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WREXHAM: Chirk town councillor who ‘bullied’ teacher could have suspension reduced

WREXHAM: Chirk town councillor who ‘bullied’ teacher could have suspension reduced

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A TOWN councillor who was found to have bullied a teacher could have his suspension reduced following an appeal.

Gareth Baines, who sits as an independent on Chirk Town Council, was initially sanctioned by Wrexham Council’s standards committee at a meeting in June.

A three-month suspension was issued after committee members heard Mr Baines had contacted complainant Rachel Allen’s employers in a bid to get her into trouble after she raised a grievance against him.

In an e-mail, the former chair of the Clwyd South Conservative Association accused Mrs Allen of making a “vindictive and vexatious” complaint about him to the Public Services Ombudsman for Wales (PSOW).

Although her initial complaint was thrown out, it was alleged that in sending the resulting e-mail he had attempted to “smear her name in the workplace”.

The council committee found he had breached parts of the local authority’s code of conduct which require councillors to show respect and consideration, not to use bullying behaviour and not to use their position to create a disadvantage for other people.

Members said the fact Mr Baines also copied the Education Workforce Council into his message was an aggravating feature.

He later appealed against the punishment and a hearing of the Adjudication Panel for Wales was held today (Thursday, 16 December) to consider his case.

PSOW representative Katrin Shaw said despite Mr Baines’ previous good record, she felt the sanctions against him were reasonable.

She said: “Of note is the breach of the paragraph of the code of conduct, namely, not to bully or harass any person. That is a serious breach of the code in the Ombudsman’s view.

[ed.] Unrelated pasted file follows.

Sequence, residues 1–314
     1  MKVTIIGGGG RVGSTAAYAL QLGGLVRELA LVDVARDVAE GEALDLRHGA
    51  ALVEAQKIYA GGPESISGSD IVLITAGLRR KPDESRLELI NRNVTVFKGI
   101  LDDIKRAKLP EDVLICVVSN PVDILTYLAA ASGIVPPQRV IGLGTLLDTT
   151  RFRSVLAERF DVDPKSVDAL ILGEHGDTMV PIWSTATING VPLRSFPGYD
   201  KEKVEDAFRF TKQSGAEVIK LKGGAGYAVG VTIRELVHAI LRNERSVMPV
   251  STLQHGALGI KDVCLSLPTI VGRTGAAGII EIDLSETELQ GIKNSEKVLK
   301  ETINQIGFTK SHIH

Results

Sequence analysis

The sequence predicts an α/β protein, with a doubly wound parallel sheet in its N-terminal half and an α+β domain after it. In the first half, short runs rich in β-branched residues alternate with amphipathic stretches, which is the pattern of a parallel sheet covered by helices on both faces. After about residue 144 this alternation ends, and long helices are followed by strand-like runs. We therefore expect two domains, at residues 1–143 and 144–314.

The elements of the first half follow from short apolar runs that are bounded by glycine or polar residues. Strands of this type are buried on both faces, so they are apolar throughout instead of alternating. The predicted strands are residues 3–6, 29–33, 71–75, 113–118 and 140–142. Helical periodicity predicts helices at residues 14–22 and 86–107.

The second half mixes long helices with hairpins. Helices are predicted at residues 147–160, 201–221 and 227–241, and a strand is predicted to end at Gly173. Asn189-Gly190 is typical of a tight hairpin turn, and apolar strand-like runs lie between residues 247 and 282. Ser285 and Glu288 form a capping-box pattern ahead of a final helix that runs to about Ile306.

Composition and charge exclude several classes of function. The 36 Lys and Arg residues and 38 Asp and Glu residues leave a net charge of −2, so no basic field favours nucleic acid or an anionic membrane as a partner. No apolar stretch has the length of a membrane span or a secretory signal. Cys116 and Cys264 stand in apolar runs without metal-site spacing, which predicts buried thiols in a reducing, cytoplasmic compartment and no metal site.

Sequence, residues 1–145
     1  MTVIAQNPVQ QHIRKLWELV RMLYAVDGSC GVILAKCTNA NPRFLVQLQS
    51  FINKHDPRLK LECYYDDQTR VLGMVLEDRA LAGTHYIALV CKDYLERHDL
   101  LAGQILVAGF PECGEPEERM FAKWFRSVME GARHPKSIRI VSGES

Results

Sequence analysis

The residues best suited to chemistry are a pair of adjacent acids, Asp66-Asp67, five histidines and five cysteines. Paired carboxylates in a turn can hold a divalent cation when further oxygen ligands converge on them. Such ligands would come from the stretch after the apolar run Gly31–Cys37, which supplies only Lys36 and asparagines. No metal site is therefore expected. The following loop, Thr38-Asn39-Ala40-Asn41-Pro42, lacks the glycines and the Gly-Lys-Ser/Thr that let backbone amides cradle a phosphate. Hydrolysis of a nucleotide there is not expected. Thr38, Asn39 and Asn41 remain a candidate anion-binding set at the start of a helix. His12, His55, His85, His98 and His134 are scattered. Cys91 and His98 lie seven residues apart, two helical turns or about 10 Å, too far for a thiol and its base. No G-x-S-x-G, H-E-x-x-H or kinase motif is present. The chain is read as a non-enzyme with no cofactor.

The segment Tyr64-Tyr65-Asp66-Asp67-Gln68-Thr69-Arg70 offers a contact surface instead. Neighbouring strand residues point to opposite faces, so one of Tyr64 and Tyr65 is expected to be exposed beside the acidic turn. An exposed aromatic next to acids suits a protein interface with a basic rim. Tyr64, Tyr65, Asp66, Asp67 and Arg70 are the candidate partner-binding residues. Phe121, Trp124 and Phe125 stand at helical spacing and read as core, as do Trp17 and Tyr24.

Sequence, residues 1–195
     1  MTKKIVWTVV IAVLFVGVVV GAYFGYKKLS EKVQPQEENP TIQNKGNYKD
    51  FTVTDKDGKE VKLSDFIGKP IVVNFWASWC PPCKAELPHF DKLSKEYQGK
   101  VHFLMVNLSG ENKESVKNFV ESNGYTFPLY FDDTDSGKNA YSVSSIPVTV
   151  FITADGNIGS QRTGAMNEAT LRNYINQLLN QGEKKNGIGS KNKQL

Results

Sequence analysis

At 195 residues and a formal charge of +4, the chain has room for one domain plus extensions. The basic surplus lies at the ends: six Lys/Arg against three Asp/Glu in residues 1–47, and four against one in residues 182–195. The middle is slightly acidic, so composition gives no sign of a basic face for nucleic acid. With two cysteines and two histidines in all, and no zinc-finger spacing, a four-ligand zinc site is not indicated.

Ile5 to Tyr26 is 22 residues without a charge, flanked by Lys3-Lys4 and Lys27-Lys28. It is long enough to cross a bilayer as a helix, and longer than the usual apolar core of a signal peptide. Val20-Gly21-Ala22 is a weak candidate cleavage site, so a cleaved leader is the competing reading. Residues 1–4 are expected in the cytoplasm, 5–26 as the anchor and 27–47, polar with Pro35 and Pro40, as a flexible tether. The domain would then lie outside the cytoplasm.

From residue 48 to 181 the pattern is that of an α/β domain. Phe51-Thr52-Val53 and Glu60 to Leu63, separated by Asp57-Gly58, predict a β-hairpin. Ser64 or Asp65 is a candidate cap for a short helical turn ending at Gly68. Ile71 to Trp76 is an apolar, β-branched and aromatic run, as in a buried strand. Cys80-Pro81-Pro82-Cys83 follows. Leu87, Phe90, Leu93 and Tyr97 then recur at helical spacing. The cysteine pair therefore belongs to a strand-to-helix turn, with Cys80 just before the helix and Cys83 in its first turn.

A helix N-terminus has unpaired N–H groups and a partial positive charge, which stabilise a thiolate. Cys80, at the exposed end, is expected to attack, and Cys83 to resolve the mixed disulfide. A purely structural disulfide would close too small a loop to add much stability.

“Suspension is an appropriate response to the misconduct on Councillor Baines’ part.

“Clearly he was concerned about the complaint that had been made to the Ombudsman about him.

“However, the evidence is there as to why breaches of the code were found.”

She added: “A further aggravating factor is the fact it appears that he has an ongoing lack of understanding or acceptance of his conduct that led to the breaches.

“He doesn’t appear to accept that the complainant was legitimately concerned about the fact that her employer had been contacted, and also that the email was copied to her professional body the Education Workforce Council.”

Mr Baines was said to have been co-operative during the investigations into his conduct.

However, Ms Shaw said he did not appear to recognise the impact of his actions on Mrs Allen.

He previously claimed he sent the e-mail to raise safeguarding concerns but did not detail any in his correspondence.

Ms Shaw said the Ombudsman felt there were no grounds to reduce the suspension.

Wrexham Council’s chief governance officer Linda Roberts told the panel the standards committee had considered its decision carefully.

She said: “It was the added e-mail to a regulator that the committee was particularly concerned about.

“They saw that as being a particular concern that Cllr Baines was seemingly deliberately setting out to cause further trouble for the complainant.

“The committee also had some concerns about his attitude to the code of conduct.”

She said he had failed to undertake training on the code of conduct either before or after the events in 2019.

Mr Baines was not present at the hearing but submitted a written statement to the panel in which he offered “unreserved apologies” for his actions.

Members also heard medical evidence submitted by Mr Baines which was detailed in private.

The panel recommended the suspension should be reduced to two months at the end of the hearing.

Panel chair Richard Payne said: “In reaching a decision upon the appropriate sanction, the tribunal has given credit to Cllr Baines for his full co-operation with the Ombudsman’s investigation and the standards committee process.

“The tribunal has had regard for a number of mitigating factors amongst which are that the misconduct arose from provocation on the part of others and Cllr Baines has a previous record of good service.

“The tribunal considers the breaches of the code to be serious and that emailing the regulatory body of the complainant was a particularly aggravating factor. However, on balance there are more mitigating than aggravating factors.”

The panel endorsed the other punishments imposed by the standards committee, including for Cllr Baines to undertake training and send a letter of apology to both Mrs Allen and the chair of Chirk Town Council.

Mr Payne said the decision to reduce the suspension was not binding on the committee, but it will be considered by members at a later date.

Mr Baines has been approached for comment.

Words: Liam Randall, Local Democracy Reporter

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